Bees Recognize People

Common honey bees can be trained to recognize individual people, according to a paper published by Dr. Adrian Dyer in the Journal of Experimental Biology.

The training consisted of showing the bees a series of black-and-white pictures of human faces. The bees got tasty or sour rewards, depending on their performance. The face series is exactly the same one used by psychologists to test human memory.

How do bees do it? Bee brains are just one-twenty thousandth the size of a human brain. The experiment implies that there is a simpler solution to the problem of face recognition than has been discovered so far by biometric security researchers.

I'm getting this mental picture of a swarm of friendly, well-trained honey bees humming through an airport terminal, looking for known terrorists. And they even have a way to incapacitate their prey! On the other hand, since stinging kills the bee, you'd be losing highly trained assets...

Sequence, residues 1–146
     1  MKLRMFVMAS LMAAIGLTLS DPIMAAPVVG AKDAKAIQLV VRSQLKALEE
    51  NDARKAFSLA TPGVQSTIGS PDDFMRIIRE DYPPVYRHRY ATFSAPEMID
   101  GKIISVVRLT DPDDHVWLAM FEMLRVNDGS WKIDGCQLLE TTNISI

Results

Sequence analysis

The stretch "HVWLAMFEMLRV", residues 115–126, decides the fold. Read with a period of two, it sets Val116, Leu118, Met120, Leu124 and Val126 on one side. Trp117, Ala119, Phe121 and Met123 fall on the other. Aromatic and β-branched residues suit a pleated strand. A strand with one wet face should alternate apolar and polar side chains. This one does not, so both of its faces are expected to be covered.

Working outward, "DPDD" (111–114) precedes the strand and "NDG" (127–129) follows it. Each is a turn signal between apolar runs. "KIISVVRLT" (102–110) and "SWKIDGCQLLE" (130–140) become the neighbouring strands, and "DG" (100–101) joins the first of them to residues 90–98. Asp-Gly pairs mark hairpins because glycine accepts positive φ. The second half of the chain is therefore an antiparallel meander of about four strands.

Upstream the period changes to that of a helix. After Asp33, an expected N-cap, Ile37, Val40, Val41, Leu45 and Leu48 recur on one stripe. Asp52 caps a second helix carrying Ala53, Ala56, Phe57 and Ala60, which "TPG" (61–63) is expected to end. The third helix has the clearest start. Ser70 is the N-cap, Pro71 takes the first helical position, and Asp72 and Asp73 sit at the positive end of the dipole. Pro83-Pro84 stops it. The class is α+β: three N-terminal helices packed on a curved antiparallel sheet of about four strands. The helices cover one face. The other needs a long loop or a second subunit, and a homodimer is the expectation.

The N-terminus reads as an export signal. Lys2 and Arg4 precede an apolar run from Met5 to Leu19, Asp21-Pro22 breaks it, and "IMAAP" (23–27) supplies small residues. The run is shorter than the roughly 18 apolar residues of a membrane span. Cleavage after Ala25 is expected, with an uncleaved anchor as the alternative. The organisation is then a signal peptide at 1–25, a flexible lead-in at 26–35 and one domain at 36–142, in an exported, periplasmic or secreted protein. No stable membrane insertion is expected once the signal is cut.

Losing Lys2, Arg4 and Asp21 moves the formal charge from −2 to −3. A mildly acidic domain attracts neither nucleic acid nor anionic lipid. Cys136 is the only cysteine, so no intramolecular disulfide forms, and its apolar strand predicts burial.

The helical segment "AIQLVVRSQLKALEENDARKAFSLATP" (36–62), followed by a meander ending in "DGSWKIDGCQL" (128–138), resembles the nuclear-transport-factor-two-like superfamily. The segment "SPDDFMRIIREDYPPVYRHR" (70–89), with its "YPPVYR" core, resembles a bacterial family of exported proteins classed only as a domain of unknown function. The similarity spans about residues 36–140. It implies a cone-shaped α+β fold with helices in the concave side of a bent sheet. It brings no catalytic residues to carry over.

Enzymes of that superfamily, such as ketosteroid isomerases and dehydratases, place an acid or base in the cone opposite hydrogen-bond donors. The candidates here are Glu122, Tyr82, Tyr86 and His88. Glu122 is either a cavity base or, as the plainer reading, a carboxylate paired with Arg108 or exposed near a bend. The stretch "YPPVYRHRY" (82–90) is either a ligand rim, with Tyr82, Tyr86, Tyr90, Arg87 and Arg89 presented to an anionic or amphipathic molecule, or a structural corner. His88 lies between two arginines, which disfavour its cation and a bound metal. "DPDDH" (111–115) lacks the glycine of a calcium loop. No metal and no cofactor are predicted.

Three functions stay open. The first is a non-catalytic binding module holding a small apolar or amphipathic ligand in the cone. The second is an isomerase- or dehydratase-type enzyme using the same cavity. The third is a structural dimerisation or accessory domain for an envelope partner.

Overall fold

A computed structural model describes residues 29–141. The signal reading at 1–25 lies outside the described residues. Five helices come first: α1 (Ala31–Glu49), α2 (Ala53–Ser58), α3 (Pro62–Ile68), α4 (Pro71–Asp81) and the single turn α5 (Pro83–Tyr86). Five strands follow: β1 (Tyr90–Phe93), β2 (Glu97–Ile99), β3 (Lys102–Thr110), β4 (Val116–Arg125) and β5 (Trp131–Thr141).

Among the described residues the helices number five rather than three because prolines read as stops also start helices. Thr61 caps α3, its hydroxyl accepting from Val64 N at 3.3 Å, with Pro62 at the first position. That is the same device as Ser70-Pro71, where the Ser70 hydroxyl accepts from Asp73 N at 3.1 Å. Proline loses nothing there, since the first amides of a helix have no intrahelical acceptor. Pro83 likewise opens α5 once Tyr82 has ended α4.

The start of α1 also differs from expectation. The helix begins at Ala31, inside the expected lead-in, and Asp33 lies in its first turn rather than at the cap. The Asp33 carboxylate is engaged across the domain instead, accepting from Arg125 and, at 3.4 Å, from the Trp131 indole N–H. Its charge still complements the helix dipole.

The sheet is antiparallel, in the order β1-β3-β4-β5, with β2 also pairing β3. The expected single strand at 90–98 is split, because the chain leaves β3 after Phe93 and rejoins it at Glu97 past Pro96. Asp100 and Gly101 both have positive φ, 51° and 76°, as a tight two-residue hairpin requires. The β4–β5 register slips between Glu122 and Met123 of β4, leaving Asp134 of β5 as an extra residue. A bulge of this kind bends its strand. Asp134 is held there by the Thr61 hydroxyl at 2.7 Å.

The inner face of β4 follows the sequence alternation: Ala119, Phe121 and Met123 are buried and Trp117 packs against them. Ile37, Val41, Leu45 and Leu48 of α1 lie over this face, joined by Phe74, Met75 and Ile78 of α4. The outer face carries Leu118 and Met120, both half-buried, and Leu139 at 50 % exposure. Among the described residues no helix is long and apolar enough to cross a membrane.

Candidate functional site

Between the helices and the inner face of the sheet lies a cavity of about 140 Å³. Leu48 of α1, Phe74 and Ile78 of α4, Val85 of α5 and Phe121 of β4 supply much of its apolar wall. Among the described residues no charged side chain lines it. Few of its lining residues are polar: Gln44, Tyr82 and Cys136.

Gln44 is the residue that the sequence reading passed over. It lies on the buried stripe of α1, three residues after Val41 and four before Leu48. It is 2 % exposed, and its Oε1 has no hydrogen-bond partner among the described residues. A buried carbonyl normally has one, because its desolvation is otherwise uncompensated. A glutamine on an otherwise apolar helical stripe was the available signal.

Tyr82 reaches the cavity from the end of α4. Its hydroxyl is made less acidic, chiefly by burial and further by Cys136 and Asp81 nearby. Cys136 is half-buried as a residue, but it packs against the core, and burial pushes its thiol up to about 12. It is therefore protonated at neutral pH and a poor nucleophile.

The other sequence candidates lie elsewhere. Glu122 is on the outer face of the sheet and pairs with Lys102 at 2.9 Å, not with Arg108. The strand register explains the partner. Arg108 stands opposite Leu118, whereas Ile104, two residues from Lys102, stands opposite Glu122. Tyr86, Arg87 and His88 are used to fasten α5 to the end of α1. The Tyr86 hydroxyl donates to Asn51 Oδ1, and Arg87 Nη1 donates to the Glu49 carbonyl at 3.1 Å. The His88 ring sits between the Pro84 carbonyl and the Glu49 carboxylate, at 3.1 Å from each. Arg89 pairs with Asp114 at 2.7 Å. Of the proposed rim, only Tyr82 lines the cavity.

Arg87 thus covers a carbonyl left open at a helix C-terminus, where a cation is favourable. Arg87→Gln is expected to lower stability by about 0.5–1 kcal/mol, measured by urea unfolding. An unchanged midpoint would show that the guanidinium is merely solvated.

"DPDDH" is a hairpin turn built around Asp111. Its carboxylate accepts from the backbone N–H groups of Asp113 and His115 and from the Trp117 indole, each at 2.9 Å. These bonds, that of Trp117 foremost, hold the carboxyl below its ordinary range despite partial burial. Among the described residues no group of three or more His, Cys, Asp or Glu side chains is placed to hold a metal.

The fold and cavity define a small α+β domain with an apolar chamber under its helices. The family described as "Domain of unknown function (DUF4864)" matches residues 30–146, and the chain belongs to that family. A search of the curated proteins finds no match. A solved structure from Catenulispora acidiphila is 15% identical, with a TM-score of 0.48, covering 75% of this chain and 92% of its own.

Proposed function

In his chilling novel The Green Brain, science fiction author Frank Herbert writes about insects evolving to the point where particular insects or hives of insects can indeed recognize individual human beings.

For more experimental uses of insects, see the Cockroach-controlled mobile robot and Bees may be keys to cooperative robots. Read more about how Honey bees recognize people.

(This Science Fiction in the News story used with permission from - where science meets fiction.)